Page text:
I took my vitamins, second day in a row. Yay me.  We were in bed by 9 pm because youngest daughter was needing to go to her workplace the next day. She does contract work for Starbucks corporate and I planned to do a little “learning” about it.  Come by and read about it tomorrow.

Walking Seattle the Last Time (this trip)

Charlie seems to enjoy stair climbing. Maybe he does. Well, maybe he doesn't. I don't know. Charlie seems to enjoy stair climbing. Maybe he does. Well, maybe he doesn’t. I don’t know.

Charlie and I visited all the stairs we have discovered on the West Seattle slopes.  You can’t live here without becoming very familiar with staircases and crazy steep streets.  See what I mean…

from Schmitz Park up to Admiral Street, 80 steps from Schmitz Park up to Admiral Street, 80 steps
SW Stevens St. with a staircase at the end... SW Stevens St. with a staircase at the end…
At the end of SW Stevens to the plateau on the top. At the end of SW Stevens to the plateau on the top. (60 steps)
Nicely groomed staircase to someone's house Nicely groomed staircase to someone’s house
Seriously, some residents park on the street and climb up to their houses... Seriously, some residents park on the street and climb up to their houses…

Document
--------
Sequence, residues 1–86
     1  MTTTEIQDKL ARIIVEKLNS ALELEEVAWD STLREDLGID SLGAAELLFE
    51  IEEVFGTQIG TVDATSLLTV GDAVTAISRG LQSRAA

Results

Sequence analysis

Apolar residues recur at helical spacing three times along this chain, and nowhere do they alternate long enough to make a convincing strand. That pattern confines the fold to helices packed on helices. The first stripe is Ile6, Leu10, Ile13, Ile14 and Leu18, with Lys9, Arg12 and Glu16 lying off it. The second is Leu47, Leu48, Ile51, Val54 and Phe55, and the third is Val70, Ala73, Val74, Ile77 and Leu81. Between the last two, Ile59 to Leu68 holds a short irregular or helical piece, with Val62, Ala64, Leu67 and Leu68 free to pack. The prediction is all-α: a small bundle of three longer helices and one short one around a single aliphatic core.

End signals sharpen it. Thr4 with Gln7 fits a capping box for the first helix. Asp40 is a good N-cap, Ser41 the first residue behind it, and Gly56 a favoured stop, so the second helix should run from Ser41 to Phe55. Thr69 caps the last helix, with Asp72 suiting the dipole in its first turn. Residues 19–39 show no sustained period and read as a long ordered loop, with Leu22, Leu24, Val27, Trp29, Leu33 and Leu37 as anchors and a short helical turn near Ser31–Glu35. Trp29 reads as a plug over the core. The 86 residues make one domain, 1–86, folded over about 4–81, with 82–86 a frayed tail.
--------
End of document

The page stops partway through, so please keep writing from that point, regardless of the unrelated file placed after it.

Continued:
The slopes rise so steeply that houses are hardly ever on the same level as the street... The slopes rise so steeply that houses are hardly ever on the same level as the street…


This lovely flight contains 167 steps This lovely flight contains 167 steps
a little explanation helps, - at least we know who to blame. a little explanation helps, – at least we know who to blame.

All things considered, I have to say that the stairs of Seattle are more scenic and inspiring than the stair climbers at the gym, and every bit as much exercise.  Would you climb these steps just to see what’s at the top?  I did.

The Hidden Forest